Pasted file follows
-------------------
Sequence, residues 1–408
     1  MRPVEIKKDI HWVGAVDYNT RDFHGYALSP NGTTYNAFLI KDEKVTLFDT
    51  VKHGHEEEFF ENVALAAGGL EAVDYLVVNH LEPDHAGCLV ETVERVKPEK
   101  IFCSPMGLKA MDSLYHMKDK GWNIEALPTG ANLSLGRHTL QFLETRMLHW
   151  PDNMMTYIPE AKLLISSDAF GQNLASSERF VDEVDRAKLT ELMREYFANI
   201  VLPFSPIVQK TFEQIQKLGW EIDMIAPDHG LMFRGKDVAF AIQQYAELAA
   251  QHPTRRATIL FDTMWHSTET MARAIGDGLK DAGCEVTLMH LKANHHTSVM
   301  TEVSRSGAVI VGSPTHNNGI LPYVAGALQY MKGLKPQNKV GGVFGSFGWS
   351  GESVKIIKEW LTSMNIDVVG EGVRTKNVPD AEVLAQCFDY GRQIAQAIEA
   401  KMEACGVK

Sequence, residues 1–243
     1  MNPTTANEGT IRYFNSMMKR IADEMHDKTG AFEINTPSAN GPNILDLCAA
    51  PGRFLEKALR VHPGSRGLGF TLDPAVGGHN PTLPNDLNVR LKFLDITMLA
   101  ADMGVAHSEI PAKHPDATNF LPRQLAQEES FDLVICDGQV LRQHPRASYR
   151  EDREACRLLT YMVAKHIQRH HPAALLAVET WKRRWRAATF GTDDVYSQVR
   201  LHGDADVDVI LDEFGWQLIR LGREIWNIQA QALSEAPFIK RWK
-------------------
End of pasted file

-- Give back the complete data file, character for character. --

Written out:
Sequence, residues 1–408
     1  MRPVEIKKDI HWVGAVDYNT RDFHGYALSP NGTTYNAFLI KDEKVTLFDT
    51  VKHGHEEEFF ENVALAAGGL EAVDYLVVNH LEPDHAGCLV ETVERVKPEK
   101  IFCSPMGLKA MDSLYHMKDK GWNIEALPTG ANLSLGRHTL QFLETRMLHW
   151  PDNMMTYIPE AKLLISSDAF GQNLASSERF VDEVDRAKLT ELMREYFANI
   201  VLPFSPIVQK TFEQIQKLGW EIDMIAPDHG LMFRGKDVAF AIQQYAELAA
   251  QHPTRRATIL FDTMWHSTET MARAIGDGLK DAGCEVTLMH LKANHHTSVM
   301  TEVSRSGAVI VGSPTHNNGI LPYVAGALQY MKGLKPQNKV GGVFGSFGWS
   351  GESVKIIKEW LTSMNIDVVG EGVRTKNVPD AEVLAQCFDY GRQIAQAIEA
   401  KMEACGVK

Sequence, residues 1–243
     1  MNPTTANEGT IRYFNSMMKR IADEMHDKTG AFEINTPSAN GPNILDLCAA
    51  PGRFLEKALR VHPGSRGLGF TLDPAVGGHN PTLPNDLNVR LKFLDITMLA
   101  ADMGVAHSEI PAKHPDATNF LPRQLAQEES FDLVICDGQV LRQHPRASYR
   151  EDREACRLLT YMVAKHIQRH HPAALLAVET WKRRWRAATF GTDDVYSQVR
   201  LHGDADVDVI LDEFGWQLIR LGREIWNIQA QALSEAPFIK RWK